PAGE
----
Research Ethics Blog

The Thalidomide tragedy: Reminding us why research ethics oversight is here to stay

The past few weeks, I’ve been looking for stories to write about here. It seems that everywhere I’ve looked, I have only been able to find (rather whiny) stories about ethics review boards overstepping their boundaries, and putting up barriers to the furtherance of science and research. These stories were, unfortunately, neither news to me nor were they particularly inspirational to comment upon. But today I noted, after listening to a documentary on the CBC Radio show, The Current, that this year marks the 50th anniversary of the actions of a hero in research ethics: Dr. Frances Kelsey. It got me thinking: While so many are keen to complain about research ethics policies and procedures, it wasn’t that long ago that lack of any kind of oversight resulted in what may be the most significant pharmacological tragedy of our time.

Dr. Frances O. Kelsey, a Canadian pharmacologist, was hired as a reviewer for the US Food and Drug Administrationin 1960 and one of her first jobs was to review the drug Thalidomide, then being pushed as Kevadon, a drug already in use in Europe and parts of Africa to prevent morning sickness in pregnant women. At that time, samples of the drug had already been freely distributed to physicians’ offices by the drug’s manufacturer, Marion Merrell Dow. At that time, there were no policies or legislation in place to prevent drugs from being distributed in this manner prior to thorough testing. The drug company was lobbying the FDA to quickly approve the drug for marketing, but Kelsey was steadfast in her refusal to do so. She felt that the drug required further testing and was concerned over one British study that demonstrated serious neurological side effects from the drug.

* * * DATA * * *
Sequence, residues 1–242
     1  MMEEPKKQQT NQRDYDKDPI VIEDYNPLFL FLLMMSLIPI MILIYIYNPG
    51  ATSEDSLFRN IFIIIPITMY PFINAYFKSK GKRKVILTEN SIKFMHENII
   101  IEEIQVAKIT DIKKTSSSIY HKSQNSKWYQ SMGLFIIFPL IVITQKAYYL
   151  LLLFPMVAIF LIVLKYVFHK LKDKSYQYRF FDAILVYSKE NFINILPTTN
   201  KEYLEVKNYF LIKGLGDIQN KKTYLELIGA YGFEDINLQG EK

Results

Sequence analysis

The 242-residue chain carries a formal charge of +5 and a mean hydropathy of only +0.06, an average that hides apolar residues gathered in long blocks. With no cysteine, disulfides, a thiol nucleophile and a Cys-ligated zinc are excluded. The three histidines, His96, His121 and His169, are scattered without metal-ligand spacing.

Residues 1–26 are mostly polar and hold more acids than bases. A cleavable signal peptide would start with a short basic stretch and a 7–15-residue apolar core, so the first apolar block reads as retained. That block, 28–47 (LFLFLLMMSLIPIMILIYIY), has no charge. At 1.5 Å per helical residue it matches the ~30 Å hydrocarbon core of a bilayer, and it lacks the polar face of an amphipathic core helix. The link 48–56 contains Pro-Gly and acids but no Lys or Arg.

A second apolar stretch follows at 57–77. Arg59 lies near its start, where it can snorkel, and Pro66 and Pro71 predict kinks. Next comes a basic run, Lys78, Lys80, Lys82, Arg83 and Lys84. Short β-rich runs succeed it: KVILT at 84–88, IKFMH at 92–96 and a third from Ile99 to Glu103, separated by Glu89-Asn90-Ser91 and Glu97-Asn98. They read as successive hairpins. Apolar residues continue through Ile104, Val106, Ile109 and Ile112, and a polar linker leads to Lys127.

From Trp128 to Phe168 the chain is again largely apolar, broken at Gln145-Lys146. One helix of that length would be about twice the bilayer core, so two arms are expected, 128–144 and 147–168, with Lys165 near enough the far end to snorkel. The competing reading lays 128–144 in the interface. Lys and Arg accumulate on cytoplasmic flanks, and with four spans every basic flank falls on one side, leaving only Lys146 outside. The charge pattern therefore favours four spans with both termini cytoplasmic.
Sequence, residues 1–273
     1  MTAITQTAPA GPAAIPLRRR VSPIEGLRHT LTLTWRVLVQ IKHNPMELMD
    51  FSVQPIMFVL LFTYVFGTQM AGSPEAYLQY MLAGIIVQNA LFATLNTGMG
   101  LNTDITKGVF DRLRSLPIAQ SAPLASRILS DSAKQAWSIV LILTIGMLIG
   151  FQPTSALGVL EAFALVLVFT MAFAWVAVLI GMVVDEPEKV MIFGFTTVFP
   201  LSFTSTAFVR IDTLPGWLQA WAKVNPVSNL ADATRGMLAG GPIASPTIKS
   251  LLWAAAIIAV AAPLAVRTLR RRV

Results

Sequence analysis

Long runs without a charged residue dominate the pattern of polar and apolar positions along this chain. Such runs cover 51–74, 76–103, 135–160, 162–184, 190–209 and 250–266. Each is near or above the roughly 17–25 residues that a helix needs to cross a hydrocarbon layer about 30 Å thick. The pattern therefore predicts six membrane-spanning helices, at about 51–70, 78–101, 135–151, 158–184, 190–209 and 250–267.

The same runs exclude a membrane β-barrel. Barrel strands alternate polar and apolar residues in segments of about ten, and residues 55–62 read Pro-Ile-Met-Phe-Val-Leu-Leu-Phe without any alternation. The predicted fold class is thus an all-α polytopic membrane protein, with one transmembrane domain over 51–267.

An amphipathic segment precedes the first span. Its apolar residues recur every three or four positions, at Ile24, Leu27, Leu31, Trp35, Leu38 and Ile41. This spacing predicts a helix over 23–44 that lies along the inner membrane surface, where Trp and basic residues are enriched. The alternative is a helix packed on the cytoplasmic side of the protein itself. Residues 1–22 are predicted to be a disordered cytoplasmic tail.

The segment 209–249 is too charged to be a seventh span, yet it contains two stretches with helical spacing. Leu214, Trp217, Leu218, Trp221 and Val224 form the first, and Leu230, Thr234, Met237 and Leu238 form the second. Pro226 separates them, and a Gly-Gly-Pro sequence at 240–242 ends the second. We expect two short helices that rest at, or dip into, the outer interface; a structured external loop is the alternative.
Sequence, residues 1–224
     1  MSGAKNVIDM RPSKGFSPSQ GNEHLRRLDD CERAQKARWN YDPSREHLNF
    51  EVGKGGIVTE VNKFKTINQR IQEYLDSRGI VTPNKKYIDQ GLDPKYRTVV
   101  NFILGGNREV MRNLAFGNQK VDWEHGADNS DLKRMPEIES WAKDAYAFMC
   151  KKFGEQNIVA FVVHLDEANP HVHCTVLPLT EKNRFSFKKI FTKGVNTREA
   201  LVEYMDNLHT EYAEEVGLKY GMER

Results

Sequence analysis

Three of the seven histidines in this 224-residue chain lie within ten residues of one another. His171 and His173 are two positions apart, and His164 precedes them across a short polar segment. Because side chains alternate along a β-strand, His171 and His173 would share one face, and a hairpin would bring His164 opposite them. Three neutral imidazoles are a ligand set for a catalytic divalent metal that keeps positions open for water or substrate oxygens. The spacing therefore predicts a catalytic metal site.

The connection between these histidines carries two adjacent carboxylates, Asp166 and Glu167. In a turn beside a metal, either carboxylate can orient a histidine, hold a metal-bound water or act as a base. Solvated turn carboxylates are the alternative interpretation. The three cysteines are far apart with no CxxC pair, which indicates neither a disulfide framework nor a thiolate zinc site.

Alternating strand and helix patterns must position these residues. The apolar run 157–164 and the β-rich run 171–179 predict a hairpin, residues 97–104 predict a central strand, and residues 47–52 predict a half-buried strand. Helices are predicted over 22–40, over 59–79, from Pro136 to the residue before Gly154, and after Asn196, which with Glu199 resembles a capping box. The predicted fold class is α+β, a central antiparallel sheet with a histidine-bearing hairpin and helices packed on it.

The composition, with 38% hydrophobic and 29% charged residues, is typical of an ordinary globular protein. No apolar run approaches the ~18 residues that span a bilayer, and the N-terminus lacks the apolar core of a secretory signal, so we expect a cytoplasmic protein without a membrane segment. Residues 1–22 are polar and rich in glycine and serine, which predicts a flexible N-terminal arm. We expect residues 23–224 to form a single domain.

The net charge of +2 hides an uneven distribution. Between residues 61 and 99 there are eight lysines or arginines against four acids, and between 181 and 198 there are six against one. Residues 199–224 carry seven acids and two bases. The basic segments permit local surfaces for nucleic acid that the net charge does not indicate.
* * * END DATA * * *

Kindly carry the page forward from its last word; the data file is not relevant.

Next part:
In refusing to allow the drug to be marketed, Kelsey caused quite a stir. Audio newsreels of interviews with representatives from the manufacturer are almost chilling to hear. In one interview, a representative states that they “feel that they have done everything possible” to ensure that the drug was completely safe to go to market. In another, the representative reminded the interviewer that this wasn’t something to be too overly concerned with, as the only persons who had experienced any kinds of negative side effects, after all, were women who were 2 months into their pregnancy.

Once children began being born with severe birth defects, Kelsey was hailed as a hero. Her actions clearly prevented many deaths and birth defects both in the USA and world-wide. As the negative effects of Thalidomide became more widely publicized, marketing and sales of the drug were quickly stopped. Canada was the last country to stop sales of the drug, in 1962. However, the result of the distribution of samples of the drug to US physicians still resulted in 17 children being born with severe defects in the US. In Canada, approximately 125 children survived with birth defects. Worldwide, there are estimates of anywhere between 10,000 and 20,000 victims. Many of the victims today are around the age of 50 and have suffered tremendous hardships as a result of what was a serious lack of drug testing oversight and accountability.

Kelsey’s actions have a tremendous legacy. Significant drug testing reforms were passed by Congress just months after the public outcry over Thalidomide use. The US FDA continues to have strict standards for drug testing, distribution and marketing — many which were initiated as a result of Kelsey’s insistence on thorough testing prior to distribution and use. The oversight that Kelsey insisted upon has, over the years, saved lives and, yes, helped to further science, now much more safely. So while it might be ever-tempting to join in complaining over research ethics guidelines, standards, requirements and processes, it’s helpful to remind ourselves why they are here to stay.